"The market is so fragmented today," says Lewis. "You can't have a hit now like we used to. Because then, everyone was focused on one thing at the same time. Everyone was watching MTV."
What’s the first time you remember seeing a music video?
Billy Idol: Even before MTV, there were bands making music clips. The Beatles did loads of them, for “Paperback Writer,” for “Strawberry Fields.” In England in the ‘70s, there was a TV program called “The Kenny Everett Video Show.” Kenny Everett was a former DJ, and in the middle of his show, he would have a band like the Police play, and a bloke named David Mallett would direct it. The show also had a dance troupe called Hot Gossip that would perform these sexy routines to the hits of the day. David went on to direct loads of music videos, including “White Wedding," and Perri Lister from Hot Gossip became my choreographer and girlfriend. Those videos and dance routines became the look of MTV.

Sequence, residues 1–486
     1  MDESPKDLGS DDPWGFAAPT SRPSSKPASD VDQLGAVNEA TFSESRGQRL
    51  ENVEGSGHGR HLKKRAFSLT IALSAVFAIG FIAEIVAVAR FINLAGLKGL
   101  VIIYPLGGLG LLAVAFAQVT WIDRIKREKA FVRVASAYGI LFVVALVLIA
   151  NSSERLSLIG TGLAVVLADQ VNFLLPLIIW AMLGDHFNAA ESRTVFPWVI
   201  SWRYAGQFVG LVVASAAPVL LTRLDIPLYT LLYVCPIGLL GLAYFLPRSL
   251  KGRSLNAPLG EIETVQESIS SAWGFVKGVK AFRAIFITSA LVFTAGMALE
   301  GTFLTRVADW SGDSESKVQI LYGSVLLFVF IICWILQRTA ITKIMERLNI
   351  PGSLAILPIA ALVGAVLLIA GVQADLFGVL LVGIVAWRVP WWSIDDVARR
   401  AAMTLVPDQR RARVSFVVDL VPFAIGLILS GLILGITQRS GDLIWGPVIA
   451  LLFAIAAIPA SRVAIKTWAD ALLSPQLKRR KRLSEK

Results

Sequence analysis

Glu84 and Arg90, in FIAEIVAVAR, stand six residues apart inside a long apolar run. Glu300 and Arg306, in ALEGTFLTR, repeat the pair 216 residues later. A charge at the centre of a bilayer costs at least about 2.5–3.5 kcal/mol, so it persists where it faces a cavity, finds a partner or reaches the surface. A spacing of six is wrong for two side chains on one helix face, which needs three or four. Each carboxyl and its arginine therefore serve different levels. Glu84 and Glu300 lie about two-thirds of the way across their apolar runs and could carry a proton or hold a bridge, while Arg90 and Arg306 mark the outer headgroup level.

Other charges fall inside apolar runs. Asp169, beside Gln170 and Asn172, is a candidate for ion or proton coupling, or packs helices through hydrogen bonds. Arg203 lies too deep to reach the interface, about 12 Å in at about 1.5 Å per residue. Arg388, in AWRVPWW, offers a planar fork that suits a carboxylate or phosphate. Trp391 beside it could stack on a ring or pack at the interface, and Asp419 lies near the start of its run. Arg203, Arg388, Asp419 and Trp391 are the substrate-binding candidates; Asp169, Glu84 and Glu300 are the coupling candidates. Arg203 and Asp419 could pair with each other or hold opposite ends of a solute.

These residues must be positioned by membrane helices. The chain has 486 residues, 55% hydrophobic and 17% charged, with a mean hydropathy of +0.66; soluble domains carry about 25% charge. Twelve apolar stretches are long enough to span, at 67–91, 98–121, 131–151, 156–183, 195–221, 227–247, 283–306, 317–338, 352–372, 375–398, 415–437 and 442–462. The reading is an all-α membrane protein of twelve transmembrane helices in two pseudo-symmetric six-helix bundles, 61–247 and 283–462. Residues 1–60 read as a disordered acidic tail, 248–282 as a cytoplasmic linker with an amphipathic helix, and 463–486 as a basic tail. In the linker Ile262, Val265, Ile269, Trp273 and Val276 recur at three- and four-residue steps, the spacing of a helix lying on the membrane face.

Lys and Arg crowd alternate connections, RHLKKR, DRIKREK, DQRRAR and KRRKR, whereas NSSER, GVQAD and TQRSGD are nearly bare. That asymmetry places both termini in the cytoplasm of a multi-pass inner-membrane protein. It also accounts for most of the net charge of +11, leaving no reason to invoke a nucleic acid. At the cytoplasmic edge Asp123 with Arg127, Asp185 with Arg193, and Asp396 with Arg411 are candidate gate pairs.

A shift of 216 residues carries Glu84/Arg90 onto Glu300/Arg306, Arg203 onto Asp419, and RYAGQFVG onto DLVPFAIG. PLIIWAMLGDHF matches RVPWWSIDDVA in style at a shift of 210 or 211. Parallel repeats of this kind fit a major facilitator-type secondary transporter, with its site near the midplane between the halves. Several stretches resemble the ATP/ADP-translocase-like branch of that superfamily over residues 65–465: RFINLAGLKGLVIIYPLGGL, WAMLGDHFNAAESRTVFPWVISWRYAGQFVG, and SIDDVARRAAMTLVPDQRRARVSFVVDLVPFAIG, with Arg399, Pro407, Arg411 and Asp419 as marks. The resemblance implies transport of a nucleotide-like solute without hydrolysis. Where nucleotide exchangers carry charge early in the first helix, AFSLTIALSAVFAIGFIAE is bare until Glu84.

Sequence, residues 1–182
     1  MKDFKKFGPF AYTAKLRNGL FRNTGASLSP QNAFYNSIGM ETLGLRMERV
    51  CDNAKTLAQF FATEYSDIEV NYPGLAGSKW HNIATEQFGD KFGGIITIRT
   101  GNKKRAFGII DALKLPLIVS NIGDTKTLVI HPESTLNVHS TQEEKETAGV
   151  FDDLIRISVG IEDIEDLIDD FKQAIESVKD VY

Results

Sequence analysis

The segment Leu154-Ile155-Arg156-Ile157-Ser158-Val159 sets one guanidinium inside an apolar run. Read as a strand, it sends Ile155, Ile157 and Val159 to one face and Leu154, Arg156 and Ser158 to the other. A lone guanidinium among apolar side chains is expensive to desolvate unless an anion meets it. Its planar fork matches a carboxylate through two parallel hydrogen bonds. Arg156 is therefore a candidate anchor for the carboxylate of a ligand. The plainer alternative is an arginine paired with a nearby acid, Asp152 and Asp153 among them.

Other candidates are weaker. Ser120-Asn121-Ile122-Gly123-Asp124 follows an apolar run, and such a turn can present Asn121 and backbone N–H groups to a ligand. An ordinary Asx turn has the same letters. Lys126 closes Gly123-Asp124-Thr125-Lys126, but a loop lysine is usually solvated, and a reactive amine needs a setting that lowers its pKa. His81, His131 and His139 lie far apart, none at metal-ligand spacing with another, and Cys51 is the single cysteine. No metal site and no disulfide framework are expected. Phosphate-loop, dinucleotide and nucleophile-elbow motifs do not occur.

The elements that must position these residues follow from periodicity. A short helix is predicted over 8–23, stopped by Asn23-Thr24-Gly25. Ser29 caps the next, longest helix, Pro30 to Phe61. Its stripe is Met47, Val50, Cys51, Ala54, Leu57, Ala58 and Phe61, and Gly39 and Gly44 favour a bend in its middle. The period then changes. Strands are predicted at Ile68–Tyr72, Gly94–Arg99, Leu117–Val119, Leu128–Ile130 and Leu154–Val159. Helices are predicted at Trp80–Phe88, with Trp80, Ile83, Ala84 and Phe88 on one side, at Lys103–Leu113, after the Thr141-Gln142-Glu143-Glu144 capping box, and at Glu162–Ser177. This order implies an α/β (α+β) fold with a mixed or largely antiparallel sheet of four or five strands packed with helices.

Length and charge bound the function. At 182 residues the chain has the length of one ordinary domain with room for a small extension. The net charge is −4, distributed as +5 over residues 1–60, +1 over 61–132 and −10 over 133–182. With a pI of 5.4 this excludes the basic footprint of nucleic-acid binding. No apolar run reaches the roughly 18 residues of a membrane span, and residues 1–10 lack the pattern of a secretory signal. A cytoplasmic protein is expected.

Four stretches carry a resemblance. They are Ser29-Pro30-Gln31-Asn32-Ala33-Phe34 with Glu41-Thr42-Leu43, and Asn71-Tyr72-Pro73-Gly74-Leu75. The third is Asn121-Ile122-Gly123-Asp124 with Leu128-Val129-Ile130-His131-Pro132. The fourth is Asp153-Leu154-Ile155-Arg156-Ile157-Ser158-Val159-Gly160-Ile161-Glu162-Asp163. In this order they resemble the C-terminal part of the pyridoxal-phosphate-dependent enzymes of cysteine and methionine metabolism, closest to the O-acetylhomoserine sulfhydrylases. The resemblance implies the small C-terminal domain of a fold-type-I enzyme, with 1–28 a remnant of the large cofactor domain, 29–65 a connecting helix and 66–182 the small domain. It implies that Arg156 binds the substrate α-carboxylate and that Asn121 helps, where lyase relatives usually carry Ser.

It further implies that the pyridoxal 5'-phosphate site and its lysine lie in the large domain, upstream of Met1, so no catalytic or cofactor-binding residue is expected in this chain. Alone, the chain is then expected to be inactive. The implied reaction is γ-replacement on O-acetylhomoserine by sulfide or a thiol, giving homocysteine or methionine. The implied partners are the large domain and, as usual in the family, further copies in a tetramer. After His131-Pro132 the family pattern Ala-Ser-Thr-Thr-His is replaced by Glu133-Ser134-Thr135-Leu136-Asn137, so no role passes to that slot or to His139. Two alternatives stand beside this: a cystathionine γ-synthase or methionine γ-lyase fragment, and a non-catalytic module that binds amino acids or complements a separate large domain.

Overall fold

Huey Lewis: The first time I saw a video was on a show called "Videowest" in San Francisco. This was 1977. A girl named Kim Dempster came to us and said if we would let her film a video and show it on her channel then we could have the video. So we made two videos with a handheld camera, and I basically pinched old “Hullabaloo” and “Shindig” ideas and goofed around. Those videos actually got us our record deal.
Kevin, you were one of the earliest, and in retrospect unlikeliest, stars of MTV. During the very first two hours of MTV, there were eight different REO Speedwagon videos played more than a dozen times. What were you even doing making videos back then?